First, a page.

Along with the strings of phrases about how that the U.S. wasn’t happy about “Ukraine’s aggressive covert operations” (“took no part,” “would have opposed… had they been consulted,” “admonished,” etc) came a passage promising that despite this, there have been no “known changes” in the “provision of intelligence, military and diplomatic support to Mr. Zelensky’s government.” Taken altogether, you can read this as a thinly veiled hint, as in: “Hey, stop whacking people outside Ukraine, or we’ll cut off all the Javelins.”

That makes some sense, but then you’re right back to the first and most glaring fact of the article. You can threaten Zelensky with the yanking of weapons shipments all you want, in private. Why do so publicly, while also announcing to the world that Ukraine engaged in cross-border assassination? The State Department just last year sanctioned Russia for its “operation to assassinate or surveil” Alexey Navalny. We also expelled 60 Russian diplomats in 2018 after an ostensible poisoning involving ex-spy Sergei Skripal in England. Obviously this is not the same situation, but you’re exposing Ukraine to a variety of accusations by declaring them guilty of the Dugina blast.

Is the point here to let the Russians know that anyone can be reached? I’m pretty sure they already know that — I guarantee the top Kremlin military brass have all seen Godfather Part II along with all the important hood movies — but are we just making double-sure they got the message? Is this one of those stories that is, as Sipher put it, “meant for one consumer: Vladimir Putin”? It sounds like it, here:

Since the beginning of the war, Ukraine’s security services have demonstrated their ability to reach into Russia to conduct sabotage operations. The killing of Ms. Dugina, however, would be one of the boldest operations to date — showing Ukraine can get very close to prominent Russians.

A million years ago, when working part-time for a newspaper in New Bedford, Massachusetts, I covered an abandoned house fire. As I watched flames lick up the side of the house, three teenagers walked up. They told me they heard that “three hoodlums” set the fire, and they were “real bold, too” because the fire was started in broad daylight. They went into deadpan detail about the “rumors” of how the crime was committed before walking off. I thought of them with a laugh when I read the “one of the boldest operations to date” line above. Is that what this is about? Credit? On the life-imitating-art front, have we really reached the Wag the Dog stage?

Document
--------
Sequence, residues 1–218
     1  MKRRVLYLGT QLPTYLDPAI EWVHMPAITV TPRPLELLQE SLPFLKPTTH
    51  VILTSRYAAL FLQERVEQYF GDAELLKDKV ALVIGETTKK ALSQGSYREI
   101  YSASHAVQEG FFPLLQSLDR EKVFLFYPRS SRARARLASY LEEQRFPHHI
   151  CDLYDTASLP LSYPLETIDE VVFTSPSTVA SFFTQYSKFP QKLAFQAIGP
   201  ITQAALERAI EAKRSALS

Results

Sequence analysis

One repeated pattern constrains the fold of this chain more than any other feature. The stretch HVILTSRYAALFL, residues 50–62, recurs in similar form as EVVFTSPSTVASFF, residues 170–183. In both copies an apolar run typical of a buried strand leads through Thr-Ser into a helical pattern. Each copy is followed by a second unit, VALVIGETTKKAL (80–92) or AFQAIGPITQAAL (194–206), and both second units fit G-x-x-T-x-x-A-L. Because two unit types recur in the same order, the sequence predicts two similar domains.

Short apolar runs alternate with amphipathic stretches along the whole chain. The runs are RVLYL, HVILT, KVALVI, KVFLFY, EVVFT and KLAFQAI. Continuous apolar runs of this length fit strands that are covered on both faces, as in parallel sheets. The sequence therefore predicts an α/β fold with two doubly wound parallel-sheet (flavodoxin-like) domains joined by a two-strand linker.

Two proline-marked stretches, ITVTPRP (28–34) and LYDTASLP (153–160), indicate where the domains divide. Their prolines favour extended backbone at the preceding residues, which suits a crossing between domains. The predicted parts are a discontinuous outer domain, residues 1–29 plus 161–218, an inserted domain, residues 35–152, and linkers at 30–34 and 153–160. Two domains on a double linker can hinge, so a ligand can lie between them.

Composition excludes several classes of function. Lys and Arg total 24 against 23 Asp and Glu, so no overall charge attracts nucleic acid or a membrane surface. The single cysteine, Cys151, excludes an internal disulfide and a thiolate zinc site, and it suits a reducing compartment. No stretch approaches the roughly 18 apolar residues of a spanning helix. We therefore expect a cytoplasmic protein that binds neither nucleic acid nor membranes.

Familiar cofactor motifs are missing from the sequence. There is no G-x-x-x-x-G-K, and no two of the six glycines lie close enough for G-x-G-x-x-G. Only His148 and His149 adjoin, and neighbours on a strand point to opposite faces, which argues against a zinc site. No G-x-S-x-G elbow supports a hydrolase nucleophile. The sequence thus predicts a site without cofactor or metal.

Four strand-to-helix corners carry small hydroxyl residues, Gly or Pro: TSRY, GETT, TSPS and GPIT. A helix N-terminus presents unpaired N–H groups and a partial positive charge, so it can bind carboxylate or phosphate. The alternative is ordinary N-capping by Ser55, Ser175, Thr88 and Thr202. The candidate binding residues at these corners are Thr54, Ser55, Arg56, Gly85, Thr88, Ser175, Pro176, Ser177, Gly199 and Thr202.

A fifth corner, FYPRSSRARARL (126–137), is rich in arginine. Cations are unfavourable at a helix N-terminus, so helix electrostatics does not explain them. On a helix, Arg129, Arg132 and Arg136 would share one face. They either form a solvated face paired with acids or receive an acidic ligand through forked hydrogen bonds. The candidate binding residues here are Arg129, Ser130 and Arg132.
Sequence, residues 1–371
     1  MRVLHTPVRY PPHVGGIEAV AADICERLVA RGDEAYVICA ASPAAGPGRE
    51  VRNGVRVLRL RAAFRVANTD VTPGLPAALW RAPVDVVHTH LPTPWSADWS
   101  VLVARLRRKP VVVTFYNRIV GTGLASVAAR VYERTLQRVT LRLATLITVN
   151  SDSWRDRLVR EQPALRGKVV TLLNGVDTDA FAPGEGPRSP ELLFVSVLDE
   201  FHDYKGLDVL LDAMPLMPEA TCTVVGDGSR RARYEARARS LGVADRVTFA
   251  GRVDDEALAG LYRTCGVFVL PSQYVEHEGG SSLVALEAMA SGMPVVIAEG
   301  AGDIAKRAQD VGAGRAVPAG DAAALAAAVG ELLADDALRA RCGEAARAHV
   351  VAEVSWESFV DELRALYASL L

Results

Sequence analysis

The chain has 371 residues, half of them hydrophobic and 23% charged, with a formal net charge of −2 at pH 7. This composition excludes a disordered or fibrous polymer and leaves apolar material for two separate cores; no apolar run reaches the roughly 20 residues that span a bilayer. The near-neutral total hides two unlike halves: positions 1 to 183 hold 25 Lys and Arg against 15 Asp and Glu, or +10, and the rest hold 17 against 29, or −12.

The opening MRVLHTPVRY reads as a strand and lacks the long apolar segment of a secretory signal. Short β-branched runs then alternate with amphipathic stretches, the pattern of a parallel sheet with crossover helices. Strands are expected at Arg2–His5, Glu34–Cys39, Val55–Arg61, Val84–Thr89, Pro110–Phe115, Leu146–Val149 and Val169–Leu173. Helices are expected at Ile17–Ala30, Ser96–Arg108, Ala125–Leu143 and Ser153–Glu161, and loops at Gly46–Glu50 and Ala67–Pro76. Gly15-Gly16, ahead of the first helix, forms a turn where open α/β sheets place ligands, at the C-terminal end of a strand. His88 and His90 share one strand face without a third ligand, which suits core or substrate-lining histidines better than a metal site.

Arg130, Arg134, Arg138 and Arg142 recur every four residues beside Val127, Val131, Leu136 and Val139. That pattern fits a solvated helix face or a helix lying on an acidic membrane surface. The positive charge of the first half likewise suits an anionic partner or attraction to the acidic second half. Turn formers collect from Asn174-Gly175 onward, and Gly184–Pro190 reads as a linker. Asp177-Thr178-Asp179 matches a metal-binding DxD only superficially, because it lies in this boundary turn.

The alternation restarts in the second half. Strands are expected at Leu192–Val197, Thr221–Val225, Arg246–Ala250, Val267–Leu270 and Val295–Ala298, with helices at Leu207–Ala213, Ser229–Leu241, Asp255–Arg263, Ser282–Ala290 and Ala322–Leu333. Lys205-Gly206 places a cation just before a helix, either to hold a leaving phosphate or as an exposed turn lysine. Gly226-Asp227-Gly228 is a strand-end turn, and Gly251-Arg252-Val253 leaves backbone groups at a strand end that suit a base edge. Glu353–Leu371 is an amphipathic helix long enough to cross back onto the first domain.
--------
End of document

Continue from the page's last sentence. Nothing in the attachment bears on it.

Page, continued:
On a more serious note, how are we to interpret passages like this?

The United States has tried carefully to avoid unnecessary escalation with Moscow throughout the conflict — in part by telling Kyiv not to use American equipment or intelligence to conduct attacks inside of Russia…

You can see the last traces of editorial discretion on the part of the New York Times in the use of the word “unnecessary.” Not even the most hardcore Ukrainian-flag-emoji-bearing reader could have swallowed a line that the U.S. has “tried to avoid escalation” with Russia, with near-weekly reports of new billions in arms shipments and places like The Intercept telling us that the U.S. now has a “much larger presence of both CIA and U.S. special operations personnel and resources” in theater (I fear the godlike wrath of the Brookings Institute too much to bring up the Nord Stream blasts). “Unnecessary escalation” must be a phrase both the paper and the paper’s sources can live with, but it’s frustrating that so many passages in so many stories now exist in gray areas between official statement and editorial comment.